Anti-government demonstrators took to the streets of Yerevan on Friday for a third day to protest the government’s handling of the crisis in Nagorno-Karabakh.
On Wednesday, Armenian separatists in Nagorno-Karabakh agreed to lay down arms and dismantle their military, following a lightning offensive by Baku.
That sparked mass anti-government rallies in Yerevan, with opposition parties accusing Prime Minister Nikol Pashinyan of too many concessions to Baku and demanding his resignation.
For all the latest headlines follow our Google News channel online or via the app.
Opposition leaders have announced plans to initiate Pashinyan’s impeachment in parliament.
On Friday morning, small groups of protesters were blocking streets across the Armenian capital, vowing to hamper the holding of Pashinyan’s cabinet meeting scheduled later in the day.
Police detained opposition politician Andranik Tevanyan, one of the protest organizers.
On Wednesday and Thursday, dozens of protesters were detained outside Pashinyan’s offices following riots that saw demonstrators throwing bottles and stones, attempting to break into the building.
Riot police have used stun grenades and warned they would use “special measures” if the clashes continued.
Pashinyan said on Thursday evening that his government “will be acting firmly but in line with law” against the rioters.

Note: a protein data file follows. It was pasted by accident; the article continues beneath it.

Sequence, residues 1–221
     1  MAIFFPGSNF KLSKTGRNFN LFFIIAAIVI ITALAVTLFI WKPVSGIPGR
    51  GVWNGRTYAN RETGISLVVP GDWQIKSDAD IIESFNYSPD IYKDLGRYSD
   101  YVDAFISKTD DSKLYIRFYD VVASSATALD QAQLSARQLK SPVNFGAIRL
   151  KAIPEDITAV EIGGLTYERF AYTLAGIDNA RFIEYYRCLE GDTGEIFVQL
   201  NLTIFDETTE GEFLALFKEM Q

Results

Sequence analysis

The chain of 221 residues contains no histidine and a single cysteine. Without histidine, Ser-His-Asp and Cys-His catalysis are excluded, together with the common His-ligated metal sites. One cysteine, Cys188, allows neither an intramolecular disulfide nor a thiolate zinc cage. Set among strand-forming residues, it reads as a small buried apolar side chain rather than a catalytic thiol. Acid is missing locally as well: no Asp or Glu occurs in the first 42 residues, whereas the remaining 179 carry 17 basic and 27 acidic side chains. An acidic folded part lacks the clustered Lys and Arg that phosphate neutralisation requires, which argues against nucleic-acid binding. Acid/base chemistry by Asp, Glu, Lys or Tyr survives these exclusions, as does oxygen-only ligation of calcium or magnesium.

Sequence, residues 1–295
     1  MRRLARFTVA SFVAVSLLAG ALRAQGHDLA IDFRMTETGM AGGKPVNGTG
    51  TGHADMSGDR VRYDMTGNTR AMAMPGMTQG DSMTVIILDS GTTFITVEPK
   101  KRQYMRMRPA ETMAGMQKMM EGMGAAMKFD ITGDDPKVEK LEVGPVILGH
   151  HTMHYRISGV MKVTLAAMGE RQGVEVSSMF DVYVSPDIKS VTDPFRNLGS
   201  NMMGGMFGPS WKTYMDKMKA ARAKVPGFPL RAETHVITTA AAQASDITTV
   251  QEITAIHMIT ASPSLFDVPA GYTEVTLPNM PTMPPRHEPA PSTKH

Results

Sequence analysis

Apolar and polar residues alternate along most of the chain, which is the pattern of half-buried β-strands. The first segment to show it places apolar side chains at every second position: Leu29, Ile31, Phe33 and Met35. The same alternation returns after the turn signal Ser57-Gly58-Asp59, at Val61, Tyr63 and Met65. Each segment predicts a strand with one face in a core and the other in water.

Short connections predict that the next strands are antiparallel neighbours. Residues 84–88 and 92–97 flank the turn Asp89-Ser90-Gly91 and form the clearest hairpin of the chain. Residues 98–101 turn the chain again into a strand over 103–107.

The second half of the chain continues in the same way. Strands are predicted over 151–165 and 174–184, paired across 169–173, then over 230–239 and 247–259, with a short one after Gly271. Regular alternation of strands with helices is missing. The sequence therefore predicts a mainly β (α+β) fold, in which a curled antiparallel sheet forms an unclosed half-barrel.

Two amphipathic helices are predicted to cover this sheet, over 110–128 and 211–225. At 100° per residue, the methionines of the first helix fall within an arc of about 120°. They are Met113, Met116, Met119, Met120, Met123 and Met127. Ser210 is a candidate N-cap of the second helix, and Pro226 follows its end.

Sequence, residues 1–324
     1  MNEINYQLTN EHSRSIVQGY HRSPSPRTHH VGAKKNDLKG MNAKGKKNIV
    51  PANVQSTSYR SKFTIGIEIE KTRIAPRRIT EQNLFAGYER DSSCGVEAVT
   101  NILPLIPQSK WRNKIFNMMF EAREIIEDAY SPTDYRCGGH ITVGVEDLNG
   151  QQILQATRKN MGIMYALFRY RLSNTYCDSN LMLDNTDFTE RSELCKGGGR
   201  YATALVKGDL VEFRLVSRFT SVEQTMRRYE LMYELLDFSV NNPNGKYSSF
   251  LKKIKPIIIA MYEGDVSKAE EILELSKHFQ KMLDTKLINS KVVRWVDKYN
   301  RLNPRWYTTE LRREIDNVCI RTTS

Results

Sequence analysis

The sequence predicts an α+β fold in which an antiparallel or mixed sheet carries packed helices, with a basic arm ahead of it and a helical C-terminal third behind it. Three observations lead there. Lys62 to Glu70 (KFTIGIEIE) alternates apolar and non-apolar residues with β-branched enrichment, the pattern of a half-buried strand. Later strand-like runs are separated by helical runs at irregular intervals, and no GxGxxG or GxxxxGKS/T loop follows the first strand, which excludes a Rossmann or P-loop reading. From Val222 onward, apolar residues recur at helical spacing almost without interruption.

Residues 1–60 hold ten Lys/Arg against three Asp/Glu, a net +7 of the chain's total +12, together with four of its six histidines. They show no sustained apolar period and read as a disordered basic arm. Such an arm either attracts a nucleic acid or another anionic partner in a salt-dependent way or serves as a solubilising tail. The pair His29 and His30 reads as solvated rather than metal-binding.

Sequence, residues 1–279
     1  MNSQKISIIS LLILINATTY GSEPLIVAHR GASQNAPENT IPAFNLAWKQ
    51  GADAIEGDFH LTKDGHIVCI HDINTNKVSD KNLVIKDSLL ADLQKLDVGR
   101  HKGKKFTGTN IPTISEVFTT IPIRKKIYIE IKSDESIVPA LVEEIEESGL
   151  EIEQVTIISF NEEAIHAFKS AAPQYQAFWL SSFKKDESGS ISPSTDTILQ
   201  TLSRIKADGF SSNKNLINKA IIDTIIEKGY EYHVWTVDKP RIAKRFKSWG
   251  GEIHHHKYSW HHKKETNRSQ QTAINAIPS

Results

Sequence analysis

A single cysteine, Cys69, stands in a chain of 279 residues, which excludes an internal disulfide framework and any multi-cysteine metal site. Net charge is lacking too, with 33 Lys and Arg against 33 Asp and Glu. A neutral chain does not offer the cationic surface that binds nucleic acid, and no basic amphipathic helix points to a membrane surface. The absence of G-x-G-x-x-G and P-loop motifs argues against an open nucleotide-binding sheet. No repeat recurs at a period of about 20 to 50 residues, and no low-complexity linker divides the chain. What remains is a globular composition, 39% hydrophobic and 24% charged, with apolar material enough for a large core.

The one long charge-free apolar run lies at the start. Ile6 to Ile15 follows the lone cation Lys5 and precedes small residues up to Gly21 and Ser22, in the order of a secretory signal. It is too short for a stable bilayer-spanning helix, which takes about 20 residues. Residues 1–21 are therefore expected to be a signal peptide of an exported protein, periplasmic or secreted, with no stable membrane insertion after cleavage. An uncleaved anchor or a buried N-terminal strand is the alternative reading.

“My appeal, the government’s appeal remains the same: remain calm and don’t cross the limits of law in this emotional and difficult time,” he said in a televised address.
Azerbaijan’s Armenian-populated enclave of Nagorno-Karabakh had been under Armenian separatists’ control since the 1990s war between Caucasus arch foes.
But in 2020 Baku took revenge in a six-week war which ended in a Russian-brokered ceasefire that saw Armenia cede swathes of territories it had controlled for three decades.
The deal was seen in Armenia as a national humiliation which opposition parties blamed on Pashinyan’s mishandling of the war.
On Tuesday, Azerbaijan launched a military operation to retake the rest of the mountainous territory. Armenia didn’t intervene militarily and the next day separatist authorities agreed to cease hostilities and disband their army.